The partnership will enable the production of customised phantoms, which are used to evaluate the performance of CT scanners, and help create ultra-realistic human anatomy characteristics with complete radiographic accuracy of patient-specific pathology
Israel-based polymer 3D printing solutions provider Stratasys and German healthcare company Siemens Healthineers have partnered on a research project to advance medical imaging.
The joint research project aims to develop new solutions for the advancement of medical imaging phantoms for computed tomography (CT) imaging.
Phantoms are specialised devices used to evaluate the performance of CT scanners.
They are designed to simulate certain characteristics of the human body to facilitate the measurement of various core metrics, such as radiation dose and image quality.
The partnership will leverage Stratasys’ PolyJet technology, together with its RadioMatrix technology, and Siemens Healthineers’ advanced scanning algorithm.
Siemens Healthineers’ algorithm is designed to translate scanned patient images into specific material characteristics with radiopacity of human anatomy.
The research programme would enable the production of customised phantoms and help create ultra-realistic human anatomy characteristics with complete radiographic accuracy of patient-specific pathology.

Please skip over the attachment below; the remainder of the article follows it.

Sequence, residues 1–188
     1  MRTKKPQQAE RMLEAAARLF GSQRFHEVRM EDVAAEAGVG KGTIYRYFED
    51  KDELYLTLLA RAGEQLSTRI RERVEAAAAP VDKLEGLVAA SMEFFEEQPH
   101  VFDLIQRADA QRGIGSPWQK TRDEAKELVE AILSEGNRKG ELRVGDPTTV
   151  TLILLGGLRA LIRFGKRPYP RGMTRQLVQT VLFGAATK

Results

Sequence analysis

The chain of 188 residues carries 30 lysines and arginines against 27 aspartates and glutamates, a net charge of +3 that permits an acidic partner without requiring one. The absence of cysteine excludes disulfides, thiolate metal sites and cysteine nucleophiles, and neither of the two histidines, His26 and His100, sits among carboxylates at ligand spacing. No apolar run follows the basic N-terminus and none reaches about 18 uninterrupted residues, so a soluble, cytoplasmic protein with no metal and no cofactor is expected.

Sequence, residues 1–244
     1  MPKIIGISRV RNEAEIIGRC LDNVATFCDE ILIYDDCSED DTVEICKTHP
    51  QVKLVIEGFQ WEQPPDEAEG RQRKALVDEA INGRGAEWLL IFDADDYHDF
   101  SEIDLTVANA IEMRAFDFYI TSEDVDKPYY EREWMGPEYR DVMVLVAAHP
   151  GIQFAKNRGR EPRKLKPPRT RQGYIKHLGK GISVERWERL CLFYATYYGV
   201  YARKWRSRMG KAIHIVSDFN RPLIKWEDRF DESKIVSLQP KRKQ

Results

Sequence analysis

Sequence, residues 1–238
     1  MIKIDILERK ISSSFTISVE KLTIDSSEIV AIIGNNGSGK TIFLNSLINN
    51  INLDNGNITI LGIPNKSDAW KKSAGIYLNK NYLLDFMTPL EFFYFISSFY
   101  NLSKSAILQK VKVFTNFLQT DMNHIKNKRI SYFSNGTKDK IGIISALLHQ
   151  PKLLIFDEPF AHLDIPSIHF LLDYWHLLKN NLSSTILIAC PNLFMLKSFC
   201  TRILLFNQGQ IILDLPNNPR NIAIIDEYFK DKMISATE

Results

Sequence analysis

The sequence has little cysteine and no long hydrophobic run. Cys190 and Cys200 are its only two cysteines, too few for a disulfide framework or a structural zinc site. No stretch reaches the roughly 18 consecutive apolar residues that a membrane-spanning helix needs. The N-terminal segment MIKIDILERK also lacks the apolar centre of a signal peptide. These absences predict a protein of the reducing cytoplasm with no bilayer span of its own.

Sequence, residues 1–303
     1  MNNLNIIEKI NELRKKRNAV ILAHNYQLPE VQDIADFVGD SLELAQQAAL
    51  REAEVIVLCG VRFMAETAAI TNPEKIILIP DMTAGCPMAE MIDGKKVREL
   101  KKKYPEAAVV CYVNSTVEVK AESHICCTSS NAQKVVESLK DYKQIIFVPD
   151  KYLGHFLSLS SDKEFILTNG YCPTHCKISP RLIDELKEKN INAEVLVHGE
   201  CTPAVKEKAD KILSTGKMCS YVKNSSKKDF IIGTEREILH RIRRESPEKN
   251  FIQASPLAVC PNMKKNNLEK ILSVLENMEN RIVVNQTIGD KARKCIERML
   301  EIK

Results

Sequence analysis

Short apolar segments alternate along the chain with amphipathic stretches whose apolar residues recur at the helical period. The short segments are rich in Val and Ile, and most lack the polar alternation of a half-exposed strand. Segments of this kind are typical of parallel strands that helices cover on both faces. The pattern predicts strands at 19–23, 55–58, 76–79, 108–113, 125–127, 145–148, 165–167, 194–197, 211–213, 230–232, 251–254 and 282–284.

Stratasys medical vice president Erez Ben Zvi said: “The current limitations of imaging phantoms have been a longstanding challenge for the radiology community.
“This partnership with Siemens Healthineers will enable us to jointly explore the vast possibilities of our radiopaque materials and 3D printing technologies to overcome these barriers.”
Stratasys said that the partnership will change the way phantoms are used in the medical field, and even help replace human cadavers with 3D-printed structures in certain cases.
It would also generate key research data to provide insights for advancing CT system algorithms and materials development, unlock potential new application areas, and identify future research opportunities.
The partnership will initially manufacture 3D-printed phantoms for smaller-scale anatomies of the head and neck region, with plans to expand to larger and more complex anatomies.
The Phase One endpoint of the joint research programme is to 3D print a heart model and an entire human torso with complete radiographic accuracy.
Siemens Healthineers computed tomography product and clinical marketing head Lampros Theodorakis said: “Knowledge gained from this project provides a breakthrough in medical imaging that will open up new avenues for uses when it comes to 3D printing and imaging.
“We are excited about the opportunities ahead of us as a result of this partnership and believe it will have long-term impacts for medical and academic applications.”